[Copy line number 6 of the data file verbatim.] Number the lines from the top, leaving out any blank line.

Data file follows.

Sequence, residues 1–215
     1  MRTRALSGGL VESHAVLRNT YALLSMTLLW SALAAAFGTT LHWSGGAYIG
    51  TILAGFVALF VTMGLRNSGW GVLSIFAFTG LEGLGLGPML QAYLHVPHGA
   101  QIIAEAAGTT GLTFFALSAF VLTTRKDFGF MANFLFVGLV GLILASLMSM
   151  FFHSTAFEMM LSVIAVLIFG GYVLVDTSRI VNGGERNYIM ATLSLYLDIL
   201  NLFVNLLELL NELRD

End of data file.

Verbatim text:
   201  NLFVNLLELL NELRD